Spanish teacher with unlikely background

March 23, 2010 — by Vijay Menon

For the casual onlooker, it may seem strange that Kansas-born Sarah Voorhees chose to become a Spanish teacher. Yet for Voorhees, the decision was an obvious one.

“I knew I wanted to be a teacher because both of my grandmothers were teachers,” said Voorhees.

Voorhees grew up in Kansas and her experiences in high school influenced her decision to pursue Spanish.

“I just had really good Spanish teachers in high school,” said Voorhees. “They always made class fun and interesting.

The best part about Spanish class, according to Voorhees, was that it always provided something out of the ordinary.

“Spanish was my favorite class in high school,” she said. “I really liked it because there was always something different.”

After high school, Voorhees moved to Colorado where she continued her Spanish education. She earned a four-year degree in Spanish before moving to Colorado State and spending a year and a half to gain her credential.

In college, Voorhees became immersed in the Spanish culture. She took advantage of the opportunity to travel south of the border in her free time to learn even more about the language. During her junior year, she took college classes with fellow students while traveling the country to visit beaches and museums.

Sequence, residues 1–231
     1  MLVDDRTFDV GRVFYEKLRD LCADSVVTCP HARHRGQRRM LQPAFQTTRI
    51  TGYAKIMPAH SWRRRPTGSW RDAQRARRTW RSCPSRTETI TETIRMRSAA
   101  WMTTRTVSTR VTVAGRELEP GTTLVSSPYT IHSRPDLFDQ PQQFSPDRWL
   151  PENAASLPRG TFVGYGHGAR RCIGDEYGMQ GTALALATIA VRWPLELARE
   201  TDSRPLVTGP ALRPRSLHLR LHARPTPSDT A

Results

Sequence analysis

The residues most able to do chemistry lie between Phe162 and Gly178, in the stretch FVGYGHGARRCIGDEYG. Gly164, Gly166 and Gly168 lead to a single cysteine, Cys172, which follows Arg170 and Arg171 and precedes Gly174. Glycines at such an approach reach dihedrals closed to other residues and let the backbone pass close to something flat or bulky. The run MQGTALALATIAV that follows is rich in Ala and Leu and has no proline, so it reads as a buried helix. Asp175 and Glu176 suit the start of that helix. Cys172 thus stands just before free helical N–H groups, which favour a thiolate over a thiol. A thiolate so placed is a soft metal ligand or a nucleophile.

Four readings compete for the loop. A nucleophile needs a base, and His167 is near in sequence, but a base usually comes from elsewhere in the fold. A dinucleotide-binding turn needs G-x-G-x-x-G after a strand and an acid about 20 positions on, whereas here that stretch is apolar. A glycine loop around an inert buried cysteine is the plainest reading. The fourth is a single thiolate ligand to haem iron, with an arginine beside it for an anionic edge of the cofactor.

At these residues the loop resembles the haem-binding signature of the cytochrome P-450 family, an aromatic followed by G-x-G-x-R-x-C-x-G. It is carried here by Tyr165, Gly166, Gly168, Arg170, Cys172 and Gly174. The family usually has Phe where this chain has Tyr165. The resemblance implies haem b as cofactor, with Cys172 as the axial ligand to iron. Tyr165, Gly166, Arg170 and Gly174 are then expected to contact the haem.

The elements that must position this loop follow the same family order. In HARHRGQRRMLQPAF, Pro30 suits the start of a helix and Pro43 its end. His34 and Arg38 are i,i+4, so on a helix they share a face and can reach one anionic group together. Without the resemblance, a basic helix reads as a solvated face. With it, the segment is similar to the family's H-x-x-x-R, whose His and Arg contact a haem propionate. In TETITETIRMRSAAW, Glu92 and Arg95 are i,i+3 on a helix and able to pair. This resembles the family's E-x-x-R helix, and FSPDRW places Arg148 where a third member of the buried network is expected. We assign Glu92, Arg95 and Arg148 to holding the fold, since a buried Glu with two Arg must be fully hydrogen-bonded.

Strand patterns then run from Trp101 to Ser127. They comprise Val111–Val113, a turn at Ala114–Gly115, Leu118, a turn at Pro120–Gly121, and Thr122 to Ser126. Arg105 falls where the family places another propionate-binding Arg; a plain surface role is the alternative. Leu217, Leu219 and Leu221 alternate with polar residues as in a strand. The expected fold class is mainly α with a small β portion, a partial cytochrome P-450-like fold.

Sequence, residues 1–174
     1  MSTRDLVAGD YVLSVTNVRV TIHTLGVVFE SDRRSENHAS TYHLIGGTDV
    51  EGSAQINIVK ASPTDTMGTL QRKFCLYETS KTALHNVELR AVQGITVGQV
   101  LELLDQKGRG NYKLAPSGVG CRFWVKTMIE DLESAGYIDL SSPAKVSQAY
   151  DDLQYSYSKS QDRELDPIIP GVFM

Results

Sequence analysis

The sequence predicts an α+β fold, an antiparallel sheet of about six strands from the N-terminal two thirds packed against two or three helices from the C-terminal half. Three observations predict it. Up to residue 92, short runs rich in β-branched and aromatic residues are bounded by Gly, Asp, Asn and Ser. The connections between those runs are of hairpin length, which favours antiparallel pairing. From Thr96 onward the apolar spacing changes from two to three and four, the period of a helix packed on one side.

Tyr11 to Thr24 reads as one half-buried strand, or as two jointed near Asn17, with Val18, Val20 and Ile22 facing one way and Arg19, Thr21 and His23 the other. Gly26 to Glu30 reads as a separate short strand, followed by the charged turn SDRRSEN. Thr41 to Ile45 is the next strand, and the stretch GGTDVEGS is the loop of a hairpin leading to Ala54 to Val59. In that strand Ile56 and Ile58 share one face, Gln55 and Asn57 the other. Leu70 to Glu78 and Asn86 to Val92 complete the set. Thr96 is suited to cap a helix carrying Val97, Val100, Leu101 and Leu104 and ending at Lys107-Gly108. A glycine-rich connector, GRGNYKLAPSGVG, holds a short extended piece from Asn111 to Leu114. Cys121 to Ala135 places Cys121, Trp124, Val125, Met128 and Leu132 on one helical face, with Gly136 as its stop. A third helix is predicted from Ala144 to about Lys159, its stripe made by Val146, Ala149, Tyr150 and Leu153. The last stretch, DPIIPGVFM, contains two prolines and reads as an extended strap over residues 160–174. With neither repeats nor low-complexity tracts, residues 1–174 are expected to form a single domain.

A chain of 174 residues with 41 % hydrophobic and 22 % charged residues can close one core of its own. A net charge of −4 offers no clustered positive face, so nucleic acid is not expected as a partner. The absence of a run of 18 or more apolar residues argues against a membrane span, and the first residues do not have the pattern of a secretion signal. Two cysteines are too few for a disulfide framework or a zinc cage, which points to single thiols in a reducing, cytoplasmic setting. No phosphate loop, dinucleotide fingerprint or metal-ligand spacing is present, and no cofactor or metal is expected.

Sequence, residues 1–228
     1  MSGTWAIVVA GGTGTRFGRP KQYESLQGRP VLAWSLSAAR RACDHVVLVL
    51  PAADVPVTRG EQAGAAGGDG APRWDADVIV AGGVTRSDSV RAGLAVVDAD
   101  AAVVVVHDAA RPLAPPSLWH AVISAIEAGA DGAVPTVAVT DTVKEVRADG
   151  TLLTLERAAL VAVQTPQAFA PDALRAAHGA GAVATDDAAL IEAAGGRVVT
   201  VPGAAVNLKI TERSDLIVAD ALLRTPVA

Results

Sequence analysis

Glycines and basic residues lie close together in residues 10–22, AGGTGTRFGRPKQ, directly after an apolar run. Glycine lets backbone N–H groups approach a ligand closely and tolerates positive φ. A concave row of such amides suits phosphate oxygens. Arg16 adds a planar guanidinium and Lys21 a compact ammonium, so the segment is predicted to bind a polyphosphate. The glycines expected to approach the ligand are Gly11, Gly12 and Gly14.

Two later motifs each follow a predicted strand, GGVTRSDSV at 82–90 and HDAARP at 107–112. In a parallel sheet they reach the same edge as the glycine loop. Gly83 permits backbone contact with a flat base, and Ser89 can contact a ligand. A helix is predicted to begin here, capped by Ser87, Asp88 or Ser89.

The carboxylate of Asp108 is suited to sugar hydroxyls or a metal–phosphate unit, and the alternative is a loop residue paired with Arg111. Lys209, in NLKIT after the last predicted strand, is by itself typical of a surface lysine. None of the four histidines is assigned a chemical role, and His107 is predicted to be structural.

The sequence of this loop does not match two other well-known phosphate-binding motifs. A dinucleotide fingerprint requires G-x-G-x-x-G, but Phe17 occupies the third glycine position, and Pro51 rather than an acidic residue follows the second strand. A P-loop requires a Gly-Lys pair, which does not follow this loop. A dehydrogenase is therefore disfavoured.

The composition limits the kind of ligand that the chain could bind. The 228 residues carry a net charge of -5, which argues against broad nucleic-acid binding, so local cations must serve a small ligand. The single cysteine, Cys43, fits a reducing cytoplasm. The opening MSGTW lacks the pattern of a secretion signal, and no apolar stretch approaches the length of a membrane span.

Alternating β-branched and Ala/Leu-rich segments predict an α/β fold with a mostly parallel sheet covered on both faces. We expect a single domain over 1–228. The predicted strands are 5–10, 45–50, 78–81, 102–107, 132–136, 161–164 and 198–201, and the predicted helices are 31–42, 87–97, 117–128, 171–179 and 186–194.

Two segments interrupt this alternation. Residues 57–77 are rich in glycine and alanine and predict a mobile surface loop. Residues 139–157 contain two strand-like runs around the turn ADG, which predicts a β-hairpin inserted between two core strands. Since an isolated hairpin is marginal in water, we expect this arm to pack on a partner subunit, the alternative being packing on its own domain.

In college, Voorhees also took French classes but found the pronunciation “hard.” She taught Spanish in Colorado after graduating but interviewed for an opening at Saratoga High when her husband found a job in the Bay Area.

“When I had my interview, I was eight months pregnant,” said Voorhees. “I still got the job.”

Voorhees, who is now in her 10th year here, enjoys joking and interacting with her students in the classroom.

“A great part about teaching Spanish is probably that you get to tell jokes that you might not be able to tell in English because it feels like ‘oh, it’s okay, I’m speaking in Spanish’,” said Voorhees.

Above all, Voorhees enjoys the process of interacting with her students and watching them become more fluent in the language.

“The best part is seeing when people really start to speak,” said Voorhees. “The students start to gain confidence and it is fun to converse with them in Spanish.”

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